The Daily Item, Sunbury, PA

News

February 17, 2014

Accuweather: Another 3-6 inches overnight tonight

STATE COLLEGE — Don’t put away those snow blowers and shovels. Another 3 to 6 inches of snow is coming with a fast-moving storm overnight tonight, Accuweather reports this morning.

“Even though the storm is forecast to move quickly, it will bring a moderate amount of snow or wintry mix to many communities from the Upper Midwest to the Northeast,” AccuWeather Senior Meteorologist Alex Sosnowski said, “In most cases, the storm will last six hours or less, but a few locations can receive just as many inches of snow.”

Locally, the snowfall could begin as early as 10 p.m. Monday and continue most of the night before clearing out around 9 a.m.

An onslaught of winter storms has buried much of the Northeast over the past few weeks. While this new storm is not expected to be an historic event, it can snarl travel, resulting in more flight delays in a winter already full of them.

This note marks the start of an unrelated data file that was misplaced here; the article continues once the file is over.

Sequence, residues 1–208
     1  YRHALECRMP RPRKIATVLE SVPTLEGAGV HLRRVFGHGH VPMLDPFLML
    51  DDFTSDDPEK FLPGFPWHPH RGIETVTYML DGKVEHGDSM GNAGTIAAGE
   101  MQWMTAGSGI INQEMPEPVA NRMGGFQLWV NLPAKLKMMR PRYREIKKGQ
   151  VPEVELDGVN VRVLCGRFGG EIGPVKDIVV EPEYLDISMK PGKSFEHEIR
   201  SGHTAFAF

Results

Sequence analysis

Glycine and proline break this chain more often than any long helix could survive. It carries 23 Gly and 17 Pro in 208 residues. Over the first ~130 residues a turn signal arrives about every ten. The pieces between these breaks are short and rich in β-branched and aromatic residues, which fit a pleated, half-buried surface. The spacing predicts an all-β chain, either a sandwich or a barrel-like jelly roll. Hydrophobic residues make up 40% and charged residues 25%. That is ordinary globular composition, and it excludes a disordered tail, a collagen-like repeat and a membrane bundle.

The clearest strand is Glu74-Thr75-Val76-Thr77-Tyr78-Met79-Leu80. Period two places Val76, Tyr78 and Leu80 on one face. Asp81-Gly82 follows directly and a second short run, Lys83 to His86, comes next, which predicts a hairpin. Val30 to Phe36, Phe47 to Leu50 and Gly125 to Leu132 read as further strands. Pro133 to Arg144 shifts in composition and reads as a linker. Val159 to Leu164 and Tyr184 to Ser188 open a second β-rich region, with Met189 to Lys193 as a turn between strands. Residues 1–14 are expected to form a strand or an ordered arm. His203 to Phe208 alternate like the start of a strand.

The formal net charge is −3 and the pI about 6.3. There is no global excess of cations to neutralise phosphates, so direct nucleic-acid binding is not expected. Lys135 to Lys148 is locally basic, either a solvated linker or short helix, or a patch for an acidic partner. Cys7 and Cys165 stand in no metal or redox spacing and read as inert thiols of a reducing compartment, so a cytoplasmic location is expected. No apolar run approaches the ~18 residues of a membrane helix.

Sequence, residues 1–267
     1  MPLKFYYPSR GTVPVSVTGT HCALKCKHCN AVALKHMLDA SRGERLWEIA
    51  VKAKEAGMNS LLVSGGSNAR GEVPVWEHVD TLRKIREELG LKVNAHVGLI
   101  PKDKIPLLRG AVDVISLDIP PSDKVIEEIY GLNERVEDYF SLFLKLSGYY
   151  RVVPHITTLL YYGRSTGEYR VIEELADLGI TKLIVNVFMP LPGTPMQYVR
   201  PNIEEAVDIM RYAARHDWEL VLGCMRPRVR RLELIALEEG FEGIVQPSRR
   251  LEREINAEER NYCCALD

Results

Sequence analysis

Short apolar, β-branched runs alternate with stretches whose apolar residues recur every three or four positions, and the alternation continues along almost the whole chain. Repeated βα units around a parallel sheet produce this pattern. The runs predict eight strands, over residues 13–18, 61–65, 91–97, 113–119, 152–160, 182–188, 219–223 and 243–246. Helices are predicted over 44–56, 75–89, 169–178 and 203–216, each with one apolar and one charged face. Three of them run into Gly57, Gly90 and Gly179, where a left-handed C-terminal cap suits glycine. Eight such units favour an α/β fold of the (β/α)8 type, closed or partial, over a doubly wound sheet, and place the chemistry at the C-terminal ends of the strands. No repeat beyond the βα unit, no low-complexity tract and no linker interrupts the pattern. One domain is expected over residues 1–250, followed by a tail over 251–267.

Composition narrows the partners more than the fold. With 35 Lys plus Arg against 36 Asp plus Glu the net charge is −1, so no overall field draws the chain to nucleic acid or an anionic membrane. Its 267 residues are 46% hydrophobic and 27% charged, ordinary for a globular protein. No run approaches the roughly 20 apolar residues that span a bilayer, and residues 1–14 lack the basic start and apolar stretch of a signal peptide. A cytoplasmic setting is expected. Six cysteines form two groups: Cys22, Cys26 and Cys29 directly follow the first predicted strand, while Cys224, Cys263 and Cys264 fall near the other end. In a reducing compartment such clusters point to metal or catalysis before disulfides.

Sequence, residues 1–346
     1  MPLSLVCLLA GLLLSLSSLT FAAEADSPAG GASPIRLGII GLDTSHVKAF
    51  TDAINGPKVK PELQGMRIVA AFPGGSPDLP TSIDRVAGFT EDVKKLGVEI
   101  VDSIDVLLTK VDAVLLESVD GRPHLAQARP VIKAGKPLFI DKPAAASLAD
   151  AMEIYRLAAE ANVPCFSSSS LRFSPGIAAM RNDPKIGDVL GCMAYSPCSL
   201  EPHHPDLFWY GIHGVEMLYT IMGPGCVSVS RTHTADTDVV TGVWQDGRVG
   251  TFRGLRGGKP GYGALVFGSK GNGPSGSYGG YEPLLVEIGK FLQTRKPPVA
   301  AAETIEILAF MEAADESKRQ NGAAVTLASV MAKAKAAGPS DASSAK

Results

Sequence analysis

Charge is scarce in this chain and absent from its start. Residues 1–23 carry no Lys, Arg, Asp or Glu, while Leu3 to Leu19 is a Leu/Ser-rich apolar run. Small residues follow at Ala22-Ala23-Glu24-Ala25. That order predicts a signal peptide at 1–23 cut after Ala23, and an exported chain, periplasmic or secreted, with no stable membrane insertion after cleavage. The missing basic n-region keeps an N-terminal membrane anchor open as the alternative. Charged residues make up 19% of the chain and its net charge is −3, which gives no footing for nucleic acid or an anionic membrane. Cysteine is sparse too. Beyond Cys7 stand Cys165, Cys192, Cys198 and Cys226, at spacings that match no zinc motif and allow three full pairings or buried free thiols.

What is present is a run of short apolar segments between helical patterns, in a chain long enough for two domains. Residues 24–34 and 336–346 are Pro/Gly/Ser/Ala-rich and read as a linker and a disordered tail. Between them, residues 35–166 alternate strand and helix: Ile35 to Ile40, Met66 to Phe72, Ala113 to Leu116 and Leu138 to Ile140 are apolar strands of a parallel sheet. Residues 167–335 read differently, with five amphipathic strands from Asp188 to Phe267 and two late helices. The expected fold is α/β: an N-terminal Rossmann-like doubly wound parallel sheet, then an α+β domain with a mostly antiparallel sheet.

The heaviest snow on Monday is expected to fall in Wisconsin, northern Illinois and Michigan, where some locations may receive a half of a foot. Lengthy travel delays are likely in Chicago, especially during the typically busy late-day commute.

The Northeast will feel the impacts of the storm on Monday night and Tuesday.

The snow could once again force administrators to delay or cancel school, adding to the growing list of school cancellations this winter.

The risk of roofs collapsing will increase with each snowfall event, where not enough prior melting has reduced the amount of snow. For example, as of this morning, much of Pennsylvania has 1 to 2 feet of snow on the ground and on roofs.

“In some cases, upcoming melting can add to the risk of roof failure in the short term,” Sosnowski said, “Lingering snow can block the drainage system on flat roofs, leading to uneven weight distribution when melting occurs or when rain falls into the snow.”

Most gable roofs can sustain a significant amount of snow and allow the water to settle toward the edges. However, a buildup of ice in the gutters can force water beneath the shingles along the edges.

Slippery sidewalks will remain a concern as the snow falls, and with cold nights and milder days in the wake of the snow, icy patches will develop. The new snow can hide patches of ice beneath.

 

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